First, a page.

The world’s authoritarian states appeared at least equally as focused on stifling dissent and opposition. Nowhere was that clearer than in the case of Saudi journalist Jamal Khashoggi, who was murdered and reportedly dismembered in his own country’s consulate building in Istanbul. Like the suspected Russian nerve agent assassination attempt on a former double agent in the UK town of Salisbury the previous year, the killing sparked international outrage and some diplomatic isolation of Riyadh – but little in the way of convincing apology from those believed responsible.

A string of autocratic governments appear increasingly dismissive of human rights, openly taking draconian action against critics and enemies alike. Russia is continuing its ruthless military campaign against remaining rebel enclaves in Syria, and a Saudi-led coalition has persisted in its war in Yemen – at catastrophic cost to civilians, where millions now face starvation.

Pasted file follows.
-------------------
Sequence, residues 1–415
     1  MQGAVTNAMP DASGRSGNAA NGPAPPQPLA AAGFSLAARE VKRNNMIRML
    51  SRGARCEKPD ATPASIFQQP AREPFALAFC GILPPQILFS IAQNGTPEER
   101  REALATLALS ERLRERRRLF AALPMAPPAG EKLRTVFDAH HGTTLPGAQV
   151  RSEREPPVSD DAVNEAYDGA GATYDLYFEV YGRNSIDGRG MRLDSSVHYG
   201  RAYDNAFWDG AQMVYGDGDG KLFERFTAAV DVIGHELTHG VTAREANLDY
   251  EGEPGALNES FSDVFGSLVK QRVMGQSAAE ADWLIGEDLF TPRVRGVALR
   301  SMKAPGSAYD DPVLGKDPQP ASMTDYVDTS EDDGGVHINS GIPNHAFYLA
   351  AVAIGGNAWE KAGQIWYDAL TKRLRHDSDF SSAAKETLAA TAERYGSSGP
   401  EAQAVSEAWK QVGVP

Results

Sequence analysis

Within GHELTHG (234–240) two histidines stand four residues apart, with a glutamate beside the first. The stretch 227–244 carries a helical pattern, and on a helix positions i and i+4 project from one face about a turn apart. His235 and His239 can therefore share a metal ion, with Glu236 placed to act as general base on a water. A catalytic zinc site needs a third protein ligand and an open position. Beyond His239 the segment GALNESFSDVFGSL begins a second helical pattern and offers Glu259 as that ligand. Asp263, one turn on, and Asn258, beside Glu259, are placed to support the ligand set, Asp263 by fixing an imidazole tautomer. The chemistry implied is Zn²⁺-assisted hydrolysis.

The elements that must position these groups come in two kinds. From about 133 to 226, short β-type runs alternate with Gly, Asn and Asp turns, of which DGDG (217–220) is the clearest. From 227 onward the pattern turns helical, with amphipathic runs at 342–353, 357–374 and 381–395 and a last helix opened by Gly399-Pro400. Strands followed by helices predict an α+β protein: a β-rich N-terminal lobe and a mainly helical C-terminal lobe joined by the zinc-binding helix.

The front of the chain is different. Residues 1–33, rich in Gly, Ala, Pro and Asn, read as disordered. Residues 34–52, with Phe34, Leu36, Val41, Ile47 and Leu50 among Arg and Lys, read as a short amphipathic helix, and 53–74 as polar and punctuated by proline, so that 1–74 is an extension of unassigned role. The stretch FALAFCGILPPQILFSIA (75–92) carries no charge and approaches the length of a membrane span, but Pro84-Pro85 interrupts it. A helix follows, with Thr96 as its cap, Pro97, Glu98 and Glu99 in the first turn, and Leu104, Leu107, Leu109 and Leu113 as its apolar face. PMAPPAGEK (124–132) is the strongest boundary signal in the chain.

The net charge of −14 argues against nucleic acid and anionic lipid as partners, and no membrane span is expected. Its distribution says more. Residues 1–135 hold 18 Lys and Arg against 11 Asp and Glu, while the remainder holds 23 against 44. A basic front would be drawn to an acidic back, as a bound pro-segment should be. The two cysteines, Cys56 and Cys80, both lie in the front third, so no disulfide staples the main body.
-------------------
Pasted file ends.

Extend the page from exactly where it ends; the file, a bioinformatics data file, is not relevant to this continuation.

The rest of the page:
China is cracking down on its Muslim Uighur minority, with a U.N. report citing estimates Beijing has interned up to one million in “reeducation camps.” Such steps suggest authoritarian rulers like China’s Xi Jinping and Russia’s Putin may not feel as secure as they appear – or that they believe such brutal tactics are simply necessary to retain their grip.U.S. President Donald Trump and North Korea’s leader Kim Jong Un leave after signing documents that acknowledge the progress of the talks and pledge to keep momentum going, after their summit at the Capella Hotel on Sentosa island in Singapore June 12, 2018. REUTERS/Jonathan Ernst

G20 meets as Paris burns

November’s G20 gathering in Argentina was perhaps the year’s most successful multilateral gathering, with world leaders managing to agree on a largely bland communiqué on reform of global trade. Trump’s meeting with China’s Xi brought some temporary relief from the two countries’ trade war, even as Ukraine tensions and Mueller’s Russia probe made a Trump-Putin meeting impossible. There was still no shortage of disagreements on show, however – and as the leaders met, riots in Paris were grabbing global headlines.